The trial was fast and efficient: after only four hours, Algeria’s notorious former counter-terrorism chief Abdelkader Ait-Ouarabi, better known as General Hassan, was unceremoniously sentenced to five years in prison.
This was the country’s first prosecution of a high-ranking secret service officer since the Arab Spring, and just the most recent visible sign of a concerted effort to remake the Algerian state – and to finally make good on some still unfulfilled presidential promises.
Elected for the first time in 1999 after a devastating civil war, for many Algerians, President Abdelaziz Bouteflika is still the herald of national reconciliation. He is also the one who famously declared that he would not allow his power to be restricted by the military.
And yet, his first two terms were marked by a de facto alliance with the head of military intelligence, General Mohamed Mediene (also known as “General Toufik”), in which Mediene wielded the real influence. The balance has only begun to shift in the last few years, as a number of key figures in the military and secret service were progressively retired and replaced.
The process has culminated in the discharge of two powerful figures in Algeria’s infamous “parallel state”. First, Hassan was arrested in August, and while grounds for the official charges of “disobeying military orders” and “destroying documents” were not made public, the Algerian press came up with several hypotheses, among them an unauthorised undercover action across the border with Mali. He also ran the special unit, Scorat, which dealt quite controversially with the terrorist attack on the In Amenas oil plant in January 2013.
And in September it was the turn of General Mediene himself, who after 25 years was removed from office and forced to retire. Many feared that such an abrupt dismissal would unleash violent retaliation, but for the moment, there seem to have been no visible consequences.
Some observers see these replacements and trials as part of an effort to promote stronger civilian control of the country’s institutions. But to many other analysts, the weakening of the military doesn’t necessarily mean Algeria is getting any more pluralistic. Instead, it might also point to the growing power of Bouteflika’s clan over the rest of the country.
The clan is backed by an increasingly influential new business class, and by yet another military wing, this one led by General Gaid Salah. That means the “new civilian trend” narrative cannot work as long as Algerian civil society, fragmented by decades of repression, violence, and clientelism, remains too weak to truly counterweight the country’s power elite.
This might also explain why many key figures in the country have reacted to the recent power shift with a mix of surprise and concern.
Longstanding political opponents of Bouteflika still prefer the army to its “civilian” alternative, taking the side of General Hassan. Even the secretary of the workers’ party, Louisa Hanoune, has claimed that the imprisonment of General Hassan would “weaken the military and affect the credibility of the state with foreign allies”.
For an example of just how contorted the effort to “clean up” the state really is, look at the re-emergence of former head of the armed Islamic Salvation Front, Madani Mezrag. Whereas General Hassan, Mezrag’s opponent during the civil war, is now imprisoned, Mezrag is now not only tolerated but even recognised by the government, and often appears in the national media. This and similar cases have the press questioning the secret services' ability and intention to curb the influence of terrorists old and new.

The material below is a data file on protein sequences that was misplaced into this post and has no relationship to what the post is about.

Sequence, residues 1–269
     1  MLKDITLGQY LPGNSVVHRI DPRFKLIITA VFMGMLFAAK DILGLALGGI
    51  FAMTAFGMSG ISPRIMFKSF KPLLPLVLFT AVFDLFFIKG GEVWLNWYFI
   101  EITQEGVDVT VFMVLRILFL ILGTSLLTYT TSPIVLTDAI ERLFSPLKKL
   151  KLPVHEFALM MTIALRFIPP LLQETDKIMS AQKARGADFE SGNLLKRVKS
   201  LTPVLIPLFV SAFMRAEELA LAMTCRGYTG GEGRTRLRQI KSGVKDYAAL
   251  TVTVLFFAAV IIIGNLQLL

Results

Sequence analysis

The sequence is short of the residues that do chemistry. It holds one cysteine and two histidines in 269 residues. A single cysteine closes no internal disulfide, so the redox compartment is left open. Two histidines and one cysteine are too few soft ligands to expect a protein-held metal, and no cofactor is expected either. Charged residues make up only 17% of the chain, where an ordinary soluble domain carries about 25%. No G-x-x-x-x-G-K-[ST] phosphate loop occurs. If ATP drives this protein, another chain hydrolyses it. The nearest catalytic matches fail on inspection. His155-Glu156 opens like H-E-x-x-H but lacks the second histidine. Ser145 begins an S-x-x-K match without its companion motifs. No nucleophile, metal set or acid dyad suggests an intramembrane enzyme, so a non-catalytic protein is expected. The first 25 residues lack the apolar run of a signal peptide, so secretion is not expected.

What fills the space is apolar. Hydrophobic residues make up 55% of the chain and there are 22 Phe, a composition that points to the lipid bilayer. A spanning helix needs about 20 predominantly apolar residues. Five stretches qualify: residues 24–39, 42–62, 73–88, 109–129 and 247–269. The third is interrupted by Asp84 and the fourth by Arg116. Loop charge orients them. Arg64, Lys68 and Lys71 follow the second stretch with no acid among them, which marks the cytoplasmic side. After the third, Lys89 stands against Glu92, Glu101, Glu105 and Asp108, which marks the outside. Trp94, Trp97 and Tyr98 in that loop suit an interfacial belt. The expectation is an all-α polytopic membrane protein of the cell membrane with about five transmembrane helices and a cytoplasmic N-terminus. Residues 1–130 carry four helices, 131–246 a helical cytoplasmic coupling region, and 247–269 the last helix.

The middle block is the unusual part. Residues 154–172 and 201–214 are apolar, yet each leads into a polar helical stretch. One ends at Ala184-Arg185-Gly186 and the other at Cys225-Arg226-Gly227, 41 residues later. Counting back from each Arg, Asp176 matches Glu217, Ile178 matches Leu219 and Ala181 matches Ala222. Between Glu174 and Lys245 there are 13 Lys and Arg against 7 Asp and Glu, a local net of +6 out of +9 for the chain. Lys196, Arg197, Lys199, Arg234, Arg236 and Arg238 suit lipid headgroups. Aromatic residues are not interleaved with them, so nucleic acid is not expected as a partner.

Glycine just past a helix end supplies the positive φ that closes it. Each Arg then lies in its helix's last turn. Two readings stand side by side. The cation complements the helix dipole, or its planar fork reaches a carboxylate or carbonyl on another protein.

Managing the crisis
On the surface, it may seem like the Algerian state is playing the same old game, using the spectre of Islamism to justify authoritarian rule. On the other hand, for the last 15 years Algeria has tried hard – and sometimes successfully – to mediate between opposing forces inside and around the country.
Given the general instability across North Africa and the Sahel, declaring open war on all violent Islamist groups might well trigger violent retaliation, such as the In Amenas gas field attacks, which were supposedly payback for Algerian support to France in Mali.
In addition, while most Algerians are deeply disturbed by the advent of new armed Islamist groups, they do not necessarily approve of alliances with Western powers, understandably fearing their destabilising influence in the region. Algerian officials are all too aware of that distrust, and they usually downplay the importance of anti-terrorist alliances with the EU and the US.
There are enormous challenges ahead. Algeria must find a way to better cope with the pressure caused by migrants, who are coming mainly from Mali. A recent fire in the refugee camp in Ourgla resulted in 18 deaths. Then there’s the urgent need to reform the economy and save the country from a dire economic crisis, given that it still relies almost exclusively on oil revenues. And a new financial bill just approved by parliament despite fierce opposition, allows for the privatisation of several state companies, which could be profoundly destabilising without a parallel social welfare strategy.
Since Bouteflika’s poor health keeps him from appearing in public more than once a year, the assorted possible post-Bouteflika scenarios are naturally being discussed. The president’s brother Saïd, who some say is now the real decision-maker, could either step forward personally or continue to promote the clan’s interest behind the scenes.
If a real transition begins, bowing to the pressure from the country’s younger and more educated generations, Algeria could consolidate its role as a crucial mediator in a truly unstable part of the world. The way its government evolves over the next few months will have a major impact on the stability of the whole region – and on the world beyond.